L is the Inductance in Henries
C is the Capacitance in Farads
r is the Output Frequency in Hertz
This equation shows that if either L or C are decreased, the frequency
increases. This output frequency is commonly given the abbreviation of ( r )
to identify it as the "resonant frequency".

To keep the oscillations going in an LC tank circuit, we have to replace all the
energy lost in each oscillation and also maintain the amplitude of these
oscillations at a constant level.
The amount of energy replaced must therefore be equal to the energy lost
during each cycle. If the energy replaced is too large the amplitude would
increase until clipping of the supply rails occurs.
Alternatively, if the amount of energy replaced is too small the amplitude
would eventually decrease to zero over time and the oscillations would stop.
The simplest way of replacing this lost energy is to take part of the output
from the LC tank circuit, amplify it and then feed it back into the LC circuit
This process can be achieved using a voltage amplifier using an op-amp, FET
or bipolar transistor as its active device.
However, if the loop gain of the feedback amplifier is too small, the desired
oscillation decays to zero and if it is too large, the waveform becomes
To produce a constant oscillation, the level of the energy fed back to the LC
network must be accurately controlled.
Then there must be some form of automatic amplitude or gain control when
the amplitude tries to vary from a reference voltage either up or down. To
maintain a stable oscillation the overall gain of the circuit must be equal to
one or unity.
Any less and the oscillations will not start or die away to zero, any more the
oscillations will occur but the amplitude will become clipped by the supply
rails causing distortion. Consider the circuit below.

Basic Transistor LC Oscillator Circuit

A Bipolar Transistor is used as the LC oscillators amplifier with the tuned LC

tank circuit acts as the collector load. Another coil L2 is connected between
the base and the emitter of the transistor whose electromagnetic field is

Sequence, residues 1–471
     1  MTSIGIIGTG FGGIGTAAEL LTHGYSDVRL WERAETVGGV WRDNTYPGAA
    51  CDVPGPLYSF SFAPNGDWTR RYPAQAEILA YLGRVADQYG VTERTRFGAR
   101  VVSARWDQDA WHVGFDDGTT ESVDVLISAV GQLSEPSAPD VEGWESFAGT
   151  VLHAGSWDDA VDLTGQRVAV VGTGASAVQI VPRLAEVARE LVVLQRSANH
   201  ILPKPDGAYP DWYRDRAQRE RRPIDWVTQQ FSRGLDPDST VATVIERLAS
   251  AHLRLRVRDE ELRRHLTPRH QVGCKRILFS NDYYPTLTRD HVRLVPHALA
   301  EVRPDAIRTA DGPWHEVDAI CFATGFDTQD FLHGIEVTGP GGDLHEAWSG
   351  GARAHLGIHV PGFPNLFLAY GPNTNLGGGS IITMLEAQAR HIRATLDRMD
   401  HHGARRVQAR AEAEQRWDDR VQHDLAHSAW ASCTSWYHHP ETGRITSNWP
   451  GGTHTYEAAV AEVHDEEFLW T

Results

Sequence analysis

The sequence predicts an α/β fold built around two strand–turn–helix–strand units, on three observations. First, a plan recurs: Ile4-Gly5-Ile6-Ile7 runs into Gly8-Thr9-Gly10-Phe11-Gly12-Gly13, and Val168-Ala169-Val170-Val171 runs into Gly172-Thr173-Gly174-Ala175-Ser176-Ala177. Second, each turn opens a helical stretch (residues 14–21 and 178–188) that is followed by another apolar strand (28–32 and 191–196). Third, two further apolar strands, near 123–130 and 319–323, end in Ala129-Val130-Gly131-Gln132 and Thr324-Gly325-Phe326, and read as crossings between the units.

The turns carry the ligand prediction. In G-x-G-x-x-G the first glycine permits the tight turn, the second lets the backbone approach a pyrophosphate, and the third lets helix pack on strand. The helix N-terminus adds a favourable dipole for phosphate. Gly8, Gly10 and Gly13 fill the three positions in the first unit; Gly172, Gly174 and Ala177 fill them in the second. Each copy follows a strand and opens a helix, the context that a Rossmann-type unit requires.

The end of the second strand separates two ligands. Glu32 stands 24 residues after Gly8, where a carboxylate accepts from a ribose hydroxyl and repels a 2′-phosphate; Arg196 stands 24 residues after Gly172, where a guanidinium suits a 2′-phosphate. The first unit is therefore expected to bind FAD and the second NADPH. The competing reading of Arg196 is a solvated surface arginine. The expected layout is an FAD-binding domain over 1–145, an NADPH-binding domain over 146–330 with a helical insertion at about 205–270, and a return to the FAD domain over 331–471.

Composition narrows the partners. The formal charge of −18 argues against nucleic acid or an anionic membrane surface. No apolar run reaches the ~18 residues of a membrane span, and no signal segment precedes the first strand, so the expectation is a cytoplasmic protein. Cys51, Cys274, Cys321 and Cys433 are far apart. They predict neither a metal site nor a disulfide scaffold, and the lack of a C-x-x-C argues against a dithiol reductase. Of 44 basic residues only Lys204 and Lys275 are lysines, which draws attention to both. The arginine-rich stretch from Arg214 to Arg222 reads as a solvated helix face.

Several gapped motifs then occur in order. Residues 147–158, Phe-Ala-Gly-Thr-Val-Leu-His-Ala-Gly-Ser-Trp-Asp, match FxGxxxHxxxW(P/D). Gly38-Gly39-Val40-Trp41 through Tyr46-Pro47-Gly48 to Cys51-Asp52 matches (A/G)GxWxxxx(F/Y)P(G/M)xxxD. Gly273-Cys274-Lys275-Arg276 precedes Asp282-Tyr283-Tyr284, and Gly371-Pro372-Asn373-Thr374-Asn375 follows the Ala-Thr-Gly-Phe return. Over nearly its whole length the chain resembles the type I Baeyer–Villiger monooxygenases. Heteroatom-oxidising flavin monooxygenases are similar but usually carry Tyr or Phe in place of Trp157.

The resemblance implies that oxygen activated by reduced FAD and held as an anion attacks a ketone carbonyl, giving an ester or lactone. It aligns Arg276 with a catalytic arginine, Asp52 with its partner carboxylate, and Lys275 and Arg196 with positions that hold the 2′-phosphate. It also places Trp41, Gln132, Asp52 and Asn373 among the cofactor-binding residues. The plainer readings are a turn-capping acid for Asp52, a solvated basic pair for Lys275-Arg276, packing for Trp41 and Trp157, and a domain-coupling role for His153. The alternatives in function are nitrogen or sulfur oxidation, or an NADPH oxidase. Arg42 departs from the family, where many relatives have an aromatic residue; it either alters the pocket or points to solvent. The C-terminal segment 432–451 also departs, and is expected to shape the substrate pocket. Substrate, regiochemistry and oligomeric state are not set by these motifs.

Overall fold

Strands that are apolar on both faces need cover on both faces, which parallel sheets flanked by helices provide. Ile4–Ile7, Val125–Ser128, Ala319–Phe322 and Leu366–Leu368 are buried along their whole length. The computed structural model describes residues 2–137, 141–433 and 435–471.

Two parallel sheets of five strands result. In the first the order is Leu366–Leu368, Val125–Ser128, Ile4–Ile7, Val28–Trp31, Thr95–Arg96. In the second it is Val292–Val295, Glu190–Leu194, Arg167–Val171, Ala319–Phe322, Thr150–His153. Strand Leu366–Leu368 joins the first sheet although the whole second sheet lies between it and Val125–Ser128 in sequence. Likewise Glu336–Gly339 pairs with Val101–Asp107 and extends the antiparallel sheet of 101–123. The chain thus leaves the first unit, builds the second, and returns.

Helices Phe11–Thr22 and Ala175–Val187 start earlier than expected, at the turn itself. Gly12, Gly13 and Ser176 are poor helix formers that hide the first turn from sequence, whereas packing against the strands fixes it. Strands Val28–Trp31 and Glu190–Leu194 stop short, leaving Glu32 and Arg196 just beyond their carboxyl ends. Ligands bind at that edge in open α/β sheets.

"mutually" coupled with that of coil L. Mutual inductance exists between the
two circuits.
The changing current flowing in one coil circuit induces, by electromagnetic
induction, a potential voltage in the other (transformer effect) so as the
oscillations occur in the tuned circuit, electromagnetic energy is transferred
from coil L to coil L2 and a voltage of the same frequency as that in the tuned
circuit is applied between the base and emitter of the transistor.
In this way the necessary automatic feedback voltage is applied to the
amplifying transistor.
The amount of feedback can be increased or decreased by altering the
coupling between the two coils L and L2.
When the circuit is oscillating its impedance is resistive and the collector and
base voltages are 180o out of phase. In order to maintain oscillations (called

frequency stability) the voltage applied to the tuned circuit must be "in-phase"
with the oscillations occurring in the tuned circuit.
Therefore, we must introduce an additional 180o phase shift into the feedback
path between the collector and the base. This is achieved by winding the coil
of L2 in the correct direction relative to coil L giving us the correct amplitude
and phase relationships for the Oscillatorscircuit or by connecting a phase
shift network between the output and input of the amplifier.
TheLC Oscillator is therefore a "Sinusoidal Oscillator" or a "Harmonic
Oscillator" as it is more commonly called. LC oscillators can generate high
frequency sine waves for use in radio frequency (RF) type applications with
the transistor amplifier being of a Bipolar Transistor or FET.
Harmonic Oscillators come in many different forms because there are many
different ways to construct an LC filter network and amplifier with the most
common being the Hartley LC Oscillator, Colpitts LC Oscillator, Armstrong
OscillatorandClapp Oscillator to name a few.
The Hartley Oscillator
The main disadvantages of the basic LC Oscillator circuit we looked at in the
previous tutorial is that they have no means of controlling the amplitude of the
oscillations and also, it is difficult to tune the oscillator to the required
If the cumulative electromagnetic coupling between L1 and L2 is too small
there would be insufficient feedback and the oscillations would eventually die
away to zero
Likewise if the feedback was too strong the oscillations would continue to
increase in amplitude until they were limited by the circuit conditions

producing signal distortion. So it becomes very difficult to "tune" the

However, it is possible to feed back exactly the right amount of voltage for
constant amplitude oscillations. If we feed back more than is necessary the
amplitude of the oscillations can be controlled by biasing the amplifier in such
a way that if the oscillations increase in amplitude, the bias is increased and
the gain of the amplifier is reduced.
If the amplitude of the oscillations decreases the bias decreases and the gain of
the amplifier increases, thus increasing the feedback. In this way the
amplitude of the oscillations are kept constant using a process known as
Automatic Base Bias.
One big advantage of automatic base bias in a voltage controlled oscillator, is
that the oscillator can be made more efficient by providing a Class-B bias or
even a Class-C bias condition of the transistor. This has the advantage that the
collector current only flows during part of the oscillation cycle so the
quiescent collector current is very small.
Then this "self-tuning" base oscillator circuit forms one of the most common
types of LC parallel resonant feedback oscillator configurations called the
Hartley Oscillator circuit.

Hartley Oscillator Tuned Circuit